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    1. Quote: "the average reading level is quite low (I think it's 5th grade in the US) and if we're throwing big words, it's not the right audience."
      For real?!? However...I see your point...but I also think that, if we never try to spice up things, they will never change. Plus readers will end up getting talked down to, and books will become more shallow. I'm not advocating the use of big words with the purpose of sounding clever or unique at all cost - but there should probably be a happy medium.

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    2. I shit you not, Roberta. This was a few years ago so it might have changed and gone up over the years? But also at the same time, I can see why they don't use big words to make it easier and more accessible for those who speak English as a second language. I can definitely see your point though - spicing things up is good and it's a nice change from the norm, but I also agree there should be a happy medium as you put it. That's hard to strike the balance, though, but hey, trying never hurts and with more internet access available, most people can learn a new word or two.

      GOOD MORNING ROBERTA AND HAPPIEST OF FRIDAYS TO YOU. Hopefully you're not working too hard, but not being a slacker either. ;)

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    3. Awww 😘.

      Hehe, I am already on a hiatus! Except no one can see it 😉.

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  6. As almost everyone has said, I like/don't mind it, as long as it's not so frequent that I have to keep stopping to look up words.

    Karen @ For What It's Worth

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    1. LOL, that would get in the way just a little...😉

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  7. I think I'm so used to thinking big words meaning long words, that four-letter or less aren't big words to me because that is now I learn, you know, you small with short words and move on to the long ones & also, big words are words I can't pronounce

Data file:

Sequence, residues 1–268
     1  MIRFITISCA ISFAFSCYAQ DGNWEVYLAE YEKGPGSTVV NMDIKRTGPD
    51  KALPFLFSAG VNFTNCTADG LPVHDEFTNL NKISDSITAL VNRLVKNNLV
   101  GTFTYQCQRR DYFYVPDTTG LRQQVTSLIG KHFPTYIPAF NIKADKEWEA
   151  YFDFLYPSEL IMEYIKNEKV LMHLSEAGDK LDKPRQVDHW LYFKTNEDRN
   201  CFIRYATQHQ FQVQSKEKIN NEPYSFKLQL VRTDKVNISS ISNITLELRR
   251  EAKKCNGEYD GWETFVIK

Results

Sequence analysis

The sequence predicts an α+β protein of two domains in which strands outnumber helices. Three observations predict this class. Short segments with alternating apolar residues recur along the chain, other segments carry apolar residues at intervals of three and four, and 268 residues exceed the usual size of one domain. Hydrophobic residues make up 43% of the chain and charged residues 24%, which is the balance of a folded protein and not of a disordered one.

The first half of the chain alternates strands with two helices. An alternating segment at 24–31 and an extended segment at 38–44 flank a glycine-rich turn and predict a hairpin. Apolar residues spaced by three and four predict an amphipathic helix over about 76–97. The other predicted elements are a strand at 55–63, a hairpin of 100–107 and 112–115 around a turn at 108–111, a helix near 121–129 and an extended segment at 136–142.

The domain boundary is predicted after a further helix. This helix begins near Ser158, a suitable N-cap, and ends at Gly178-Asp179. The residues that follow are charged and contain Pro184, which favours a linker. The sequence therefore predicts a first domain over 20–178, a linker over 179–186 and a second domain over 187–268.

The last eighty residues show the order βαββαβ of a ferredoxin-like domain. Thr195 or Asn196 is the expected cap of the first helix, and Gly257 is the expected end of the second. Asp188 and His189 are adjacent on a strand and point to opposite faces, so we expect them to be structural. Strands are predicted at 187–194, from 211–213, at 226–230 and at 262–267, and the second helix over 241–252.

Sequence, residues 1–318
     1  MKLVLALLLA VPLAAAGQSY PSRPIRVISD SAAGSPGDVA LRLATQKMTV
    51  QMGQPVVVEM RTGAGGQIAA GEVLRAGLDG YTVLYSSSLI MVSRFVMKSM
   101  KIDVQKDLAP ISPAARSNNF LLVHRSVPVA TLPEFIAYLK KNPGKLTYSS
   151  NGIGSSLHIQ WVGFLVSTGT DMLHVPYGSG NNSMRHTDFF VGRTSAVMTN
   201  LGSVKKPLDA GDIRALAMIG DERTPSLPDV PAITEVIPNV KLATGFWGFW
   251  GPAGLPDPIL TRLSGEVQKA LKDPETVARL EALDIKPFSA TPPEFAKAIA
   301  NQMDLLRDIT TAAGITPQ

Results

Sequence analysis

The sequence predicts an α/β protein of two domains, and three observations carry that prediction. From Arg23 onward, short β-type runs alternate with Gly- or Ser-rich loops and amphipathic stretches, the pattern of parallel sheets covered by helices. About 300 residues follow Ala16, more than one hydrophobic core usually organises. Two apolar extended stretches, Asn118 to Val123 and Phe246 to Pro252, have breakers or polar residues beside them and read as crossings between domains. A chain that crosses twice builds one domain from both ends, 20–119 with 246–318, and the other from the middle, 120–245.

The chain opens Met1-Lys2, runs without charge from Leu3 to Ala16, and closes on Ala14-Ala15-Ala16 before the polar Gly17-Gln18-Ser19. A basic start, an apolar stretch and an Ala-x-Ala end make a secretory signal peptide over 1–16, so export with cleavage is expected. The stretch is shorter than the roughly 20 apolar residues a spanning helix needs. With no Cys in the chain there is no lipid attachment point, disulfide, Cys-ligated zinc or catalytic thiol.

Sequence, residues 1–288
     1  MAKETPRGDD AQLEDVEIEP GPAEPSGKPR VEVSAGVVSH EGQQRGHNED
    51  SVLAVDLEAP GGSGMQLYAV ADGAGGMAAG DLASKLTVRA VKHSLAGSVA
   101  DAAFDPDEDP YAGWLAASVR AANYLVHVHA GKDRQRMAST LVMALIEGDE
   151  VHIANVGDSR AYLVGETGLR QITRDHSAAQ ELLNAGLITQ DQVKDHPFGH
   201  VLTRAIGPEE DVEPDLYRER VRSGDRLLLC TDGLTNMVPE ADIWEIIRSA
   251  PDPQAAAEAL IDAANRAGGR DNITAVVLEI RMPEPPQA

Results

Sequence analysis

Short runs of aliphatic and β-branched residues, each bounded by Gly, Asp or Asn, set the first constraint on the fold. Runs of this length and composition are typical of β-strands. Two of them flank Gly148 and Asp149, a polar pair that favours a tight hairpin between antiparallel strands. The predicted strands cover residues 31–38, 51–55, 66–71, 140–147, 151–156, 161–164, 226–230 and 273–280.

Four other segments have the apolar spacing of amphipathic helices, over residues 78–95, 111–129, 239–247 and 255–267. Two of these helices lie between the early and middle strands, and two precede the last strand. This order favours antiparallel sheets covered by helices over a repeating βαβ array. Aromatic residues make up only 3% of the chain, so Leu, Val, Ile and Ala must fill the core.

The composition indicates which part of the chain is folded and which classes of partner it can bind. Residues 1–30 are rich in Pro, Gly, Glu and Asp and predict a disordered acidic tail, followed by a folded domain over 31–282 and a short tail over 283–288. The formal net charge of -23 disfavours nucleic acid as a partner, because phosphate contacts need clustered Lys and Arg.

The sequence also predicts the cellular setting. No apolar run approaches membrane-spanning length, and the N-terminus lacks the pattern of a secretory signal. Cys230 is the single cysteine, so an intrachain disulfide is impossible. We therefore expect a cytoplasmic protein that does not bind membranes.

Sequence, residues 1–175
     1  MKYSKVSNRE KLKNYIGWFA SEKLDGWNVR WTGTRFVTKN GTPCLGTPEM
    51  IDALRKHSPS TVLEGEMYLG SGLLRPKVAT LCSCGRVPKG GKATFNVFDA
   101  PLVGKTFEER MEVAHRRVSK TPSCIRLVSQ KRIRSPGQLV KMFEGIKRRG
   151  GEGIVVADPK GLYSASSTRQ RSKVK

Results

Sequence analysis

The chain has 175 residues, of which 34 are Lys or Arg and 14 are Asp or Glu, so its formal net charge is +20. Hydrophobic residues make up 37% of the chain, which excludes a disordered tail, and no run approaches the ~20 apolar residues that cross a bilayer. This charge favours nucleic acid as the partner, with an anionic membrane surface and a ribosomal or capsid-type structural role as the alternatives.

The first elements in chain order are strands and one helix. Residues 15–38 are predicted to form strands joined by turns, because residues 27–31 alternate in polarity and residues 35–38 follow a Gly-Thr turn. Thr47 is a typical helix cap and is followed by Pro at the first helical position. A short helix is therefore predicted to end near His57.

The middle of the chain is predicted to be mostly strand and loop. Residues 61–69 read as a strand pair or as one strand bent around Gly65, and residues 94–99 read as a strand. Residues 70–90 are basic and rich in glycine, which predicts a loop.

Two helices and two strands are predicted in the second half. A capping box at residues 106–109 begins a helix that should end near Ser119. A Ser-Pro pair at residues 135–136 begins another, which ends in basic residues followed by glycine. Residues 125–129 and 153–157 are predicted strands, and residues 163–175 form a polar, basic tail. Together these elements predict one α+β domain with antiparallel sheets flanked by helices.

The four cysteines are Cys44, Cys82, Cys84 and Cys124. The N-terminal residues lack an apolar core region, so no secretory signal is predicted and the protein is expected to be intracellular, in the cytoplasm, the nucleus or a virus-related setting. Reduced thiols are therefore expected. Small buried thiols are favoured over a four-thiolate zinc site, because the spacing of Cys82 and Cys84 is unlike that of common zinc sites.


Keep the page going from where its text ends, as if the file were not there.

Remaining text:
obscure, now that depends because any words that are new to me are kind of obscure but I wouldn't know it because I'm don't know that word, how would I know if it's obscure?

    I've been reading a lot of classics so there are words that are just oddly spelled and they might considered obscured because people don't spell them the same way anymore.

    I honestly do not mind any words because without them, where would we be? but I must admit, I do sometimes ignore words I don't know just because I don't want to stop reading just to look them up but I do look them up if I think I need to know the meaning of.

    have a lovely day.

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    1. I assume big words are, indeed, long words - usually. And you have a point about classics. But there are words that haven't actually gone out of fashion or changed their spelling - they simply get ignored in favour of simpler, more common alternatives. Those are the words that I love to read and learn the meaning of, because they spice up my reading experience. Though I understand that one doesn't always feel like stopping reading to look them up. Sometimes I understand their meaning from the context in which they're used, but it might not be their exact meaning. (I'm talking about English words here, English being an acquired language for me).